By Denise Yearian
When a child is born, much emphasis is placed on helping the new mother and baby adjust. But they aren’t the only ones undergoing major change. Most first-time fathers also experience stress due to sleep deprivation, change in routines and their own apprehensions about parenting.
“There are a myriad of emotions that come with being a new father,” says Armin Brott, author of multiple books and one DVD on fatherhood. “Most often it’s a feeling of pride and excitement. At the same time there can be apprehensions—‘Will I be a good father?’ ‘Can we afford this?’ ‘How is this going to change our lives?’”
This was what David Wuttke found. “When my son David Jr. was born, I had overwhelming feelings of anxiety and excitement all at once,” he says. “I had been babysitting since I was 16, so my anxiety wasn’t about child care. It was the reality of the responsibility that this was
my son. And that sent a shock to my system.”
Just knowing there’s another person to care for can be a big stressor for first-time fathers. Couple that with the fact that many men don’t initially know how to bond with their newborns.
“If a mother is nursing, it naturally brings her in contact with the baby,” says Brott. “Dads don’t have that same natural bonding method, so they often get stuck doing the dirty work. But it shouldn’t be that way.”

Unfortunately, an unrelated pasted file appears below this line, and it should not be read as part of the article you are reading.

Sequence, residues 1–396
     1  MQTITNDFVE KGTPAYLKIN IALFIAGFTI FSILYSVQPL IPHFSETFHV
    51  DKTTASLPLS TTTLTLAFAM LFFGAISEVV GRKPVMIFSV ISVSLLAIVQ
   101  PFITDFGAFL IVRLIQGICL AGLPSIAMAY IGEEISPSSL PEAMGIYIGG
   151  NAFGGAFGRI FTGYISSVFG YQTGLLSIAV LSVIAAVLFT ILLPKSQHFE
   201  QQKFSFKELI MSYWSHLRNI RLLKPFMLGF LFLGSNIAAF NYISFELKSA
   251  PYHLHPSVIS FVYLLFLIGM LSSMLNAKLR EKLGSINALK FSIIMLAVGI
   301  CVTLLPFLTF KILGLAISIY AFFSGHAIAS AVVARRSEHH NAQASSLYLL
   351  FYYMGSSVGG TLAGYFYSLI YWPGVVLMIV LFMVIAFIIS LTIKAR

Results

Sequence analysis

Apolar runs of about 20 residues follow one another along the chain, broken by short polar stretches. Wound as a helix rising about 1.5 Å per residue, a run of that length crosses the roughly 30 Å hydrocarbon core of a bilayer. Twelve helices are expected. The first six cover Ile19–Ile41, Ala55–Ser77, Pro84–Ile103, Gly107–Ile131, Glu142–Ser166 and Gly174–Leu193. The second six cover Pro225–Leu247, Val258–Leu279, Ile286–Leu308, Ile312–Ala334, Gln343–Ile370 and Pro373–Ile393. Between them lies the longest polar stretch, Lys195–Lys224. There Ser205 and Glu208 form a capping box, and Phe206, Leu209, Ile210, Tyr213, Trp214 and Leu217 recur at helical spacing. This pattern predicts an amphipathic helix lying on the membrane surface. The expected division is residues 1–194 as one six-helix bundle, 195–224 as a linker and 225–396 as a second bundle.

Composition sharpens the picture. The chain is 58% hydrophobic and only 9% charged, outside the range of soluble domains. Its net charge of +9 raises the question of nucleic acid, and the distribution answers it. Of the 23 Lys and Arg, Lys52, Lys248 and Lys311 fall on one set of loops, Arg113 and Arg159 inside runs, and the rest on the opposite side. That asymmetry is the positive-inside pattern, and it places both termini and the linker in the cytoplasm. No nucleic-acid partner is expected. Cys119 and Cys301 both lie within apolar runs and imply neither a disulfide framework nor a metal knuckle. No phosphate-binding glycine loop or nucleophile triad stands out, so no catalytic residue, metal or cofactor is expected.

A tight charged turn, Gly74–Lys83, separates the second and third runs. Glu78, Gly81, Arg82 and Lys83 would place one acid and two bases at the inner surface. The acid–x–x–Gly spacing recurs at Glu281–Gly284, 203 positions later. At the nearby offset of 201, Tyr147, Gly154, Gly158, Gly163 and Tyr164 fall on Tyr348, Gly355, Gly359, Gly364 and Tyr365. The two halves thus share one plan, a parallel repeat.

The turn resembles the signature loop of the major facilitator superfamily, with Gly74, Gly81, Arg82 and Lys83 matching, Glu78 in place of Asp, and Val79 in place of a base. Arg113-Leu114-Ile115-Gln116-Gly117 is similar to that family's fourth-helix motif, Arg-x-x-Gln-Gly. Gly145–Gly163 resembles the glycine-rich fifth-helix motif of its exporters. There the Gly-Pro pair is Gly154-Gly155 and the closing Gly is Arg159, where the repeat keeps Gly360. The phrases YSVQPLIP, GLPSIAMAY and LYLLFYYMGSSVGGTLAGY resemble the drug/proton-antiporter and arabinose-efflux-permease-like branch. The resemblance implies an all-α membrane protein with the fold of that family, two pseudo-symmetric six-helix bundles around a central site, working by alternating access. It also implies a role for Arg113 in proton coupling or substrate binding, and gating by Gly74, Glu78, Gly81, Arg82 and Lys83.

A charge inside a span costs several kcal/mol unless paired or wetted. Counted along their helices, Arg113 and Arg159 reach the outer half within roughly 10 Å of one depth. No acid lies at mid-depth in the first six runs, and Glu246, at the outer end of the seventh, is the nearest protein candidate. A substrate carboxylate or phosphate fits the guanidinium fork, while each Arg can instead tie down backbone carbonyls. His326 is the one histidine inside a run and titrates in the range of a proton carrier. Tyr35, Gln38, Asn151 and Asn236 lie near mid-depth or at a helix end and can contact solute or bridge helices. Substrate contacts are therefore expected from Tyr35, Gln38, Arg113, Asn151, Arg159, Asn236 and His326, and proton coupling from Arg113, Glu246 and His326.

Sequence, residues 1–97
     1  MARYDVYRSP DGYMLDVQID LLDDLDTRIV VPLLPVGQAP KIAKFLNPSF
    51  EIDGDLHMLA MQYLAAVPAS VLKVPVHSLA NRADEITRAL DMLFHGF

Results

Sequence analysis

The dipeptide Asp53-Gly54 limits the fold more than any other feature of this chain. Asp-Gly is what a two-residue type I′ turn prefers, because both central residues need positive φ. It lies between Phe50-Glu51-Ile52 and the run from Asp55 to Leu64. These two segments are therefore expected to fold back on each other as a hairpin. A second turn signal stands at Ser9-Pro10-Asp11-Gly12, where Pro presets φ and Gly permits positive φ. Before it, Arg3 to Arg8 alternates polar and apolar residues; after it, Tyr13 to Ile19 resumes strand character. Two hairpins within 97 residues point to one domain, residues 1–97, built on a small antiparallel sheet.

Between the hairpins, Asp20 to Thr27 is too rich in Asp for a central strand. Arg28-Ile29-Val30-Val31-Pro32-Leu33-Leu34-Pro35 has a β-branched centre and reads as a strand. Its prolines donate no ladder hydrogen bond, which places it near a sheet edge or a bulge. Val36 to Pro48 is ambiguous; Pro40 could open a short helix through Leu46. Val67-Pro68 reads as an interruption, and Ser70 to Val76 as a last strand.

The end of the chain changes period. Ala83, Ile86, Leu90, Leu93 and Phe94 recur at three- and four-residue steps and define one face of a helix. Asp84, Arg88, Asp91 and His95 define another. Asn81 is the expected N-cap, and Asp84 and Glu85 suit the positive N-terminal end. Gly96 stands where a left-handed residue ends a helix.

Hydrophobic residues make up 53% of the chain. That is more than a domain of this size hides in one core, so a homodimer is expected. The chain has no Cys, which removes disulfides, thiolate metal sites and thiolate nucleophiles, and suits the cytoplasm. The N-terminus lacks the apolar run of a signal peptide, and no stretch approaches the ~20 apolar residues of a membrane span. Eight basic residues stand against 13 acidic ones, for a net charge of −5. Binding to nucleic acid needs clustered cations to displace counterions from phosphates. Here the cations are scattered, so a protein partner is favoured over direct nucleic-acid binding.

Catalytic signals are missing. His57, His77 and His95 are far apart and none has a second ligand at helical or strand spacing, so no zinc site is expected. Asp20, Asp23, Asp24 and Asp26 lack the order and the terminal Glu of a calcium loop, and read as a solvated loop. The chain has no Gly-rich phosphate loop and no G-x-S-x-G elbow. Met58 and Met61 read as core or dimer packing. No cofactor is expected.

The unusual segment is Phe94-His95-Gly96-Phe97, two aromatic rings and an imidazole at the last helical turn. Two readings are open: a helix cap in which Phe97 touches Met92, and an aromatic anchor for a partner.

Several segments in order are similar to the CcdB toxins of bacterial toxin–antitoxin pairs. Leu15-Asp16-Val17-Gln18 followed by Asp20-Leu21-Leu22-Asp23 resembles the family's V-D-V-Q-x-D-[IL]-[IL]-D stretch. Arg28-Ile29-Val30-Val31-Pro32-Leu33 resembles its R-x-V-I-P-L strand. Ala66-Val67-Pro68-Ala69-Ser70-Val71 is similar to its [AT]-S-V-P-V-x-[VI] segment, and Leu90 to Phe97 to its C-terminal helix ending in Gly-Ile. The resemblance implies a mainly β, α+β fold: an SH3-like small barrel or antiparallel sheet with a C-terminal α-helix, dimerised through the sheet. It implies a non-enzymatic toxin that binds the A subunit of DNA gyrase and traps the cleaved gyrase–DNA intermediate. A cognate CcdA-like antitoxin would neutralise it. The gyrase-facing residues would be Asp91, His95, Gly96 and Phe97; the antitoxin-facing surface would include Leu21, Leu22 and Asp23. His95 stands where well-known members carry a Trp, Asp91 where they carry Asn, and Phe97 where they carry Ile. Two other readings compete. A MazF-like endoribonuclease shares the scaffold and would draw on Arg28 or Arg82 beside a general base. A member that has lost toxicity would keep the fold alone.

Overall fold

Susan Maroto, LCSW and parent educator in prenatal care and postpartum adjustment, agrees. “There are things moms can do to help dads feel competent in that role,” she says. “Encourage them to take part in all areas of child care—feeding, bathing, reading and putting the baby down. Just be careful you aren’t overly critical. Standing behind your husband and correcting his every move will only frustrate him. Show him what needs to be done then let him develop his own style.”
Fortunately for Wuttke, basic training occurred as a teen sitter and paid big dividends when his son was born. Soon after his wife Christine delivered, she enrolled in college and David was thrust into solo evening childcare.
“I never had to think about how to take care David. I just fell back on my babysitting days,” says Wuttke. “If he was crying, I would say, ‘Okay, let’s guess what he needs?’ Then I’d check his diaper. If that was okay, I’d try to feed him. If he wasn’t hungry, I thought maybe he had gas or needed to sleep. One of those usually did the trick.”
For Anthony Franco, the adjustment wasn’t that easy. When his wife Lisa gave birth to the twins, Franco seemed to be fine. But four months into it, things changed.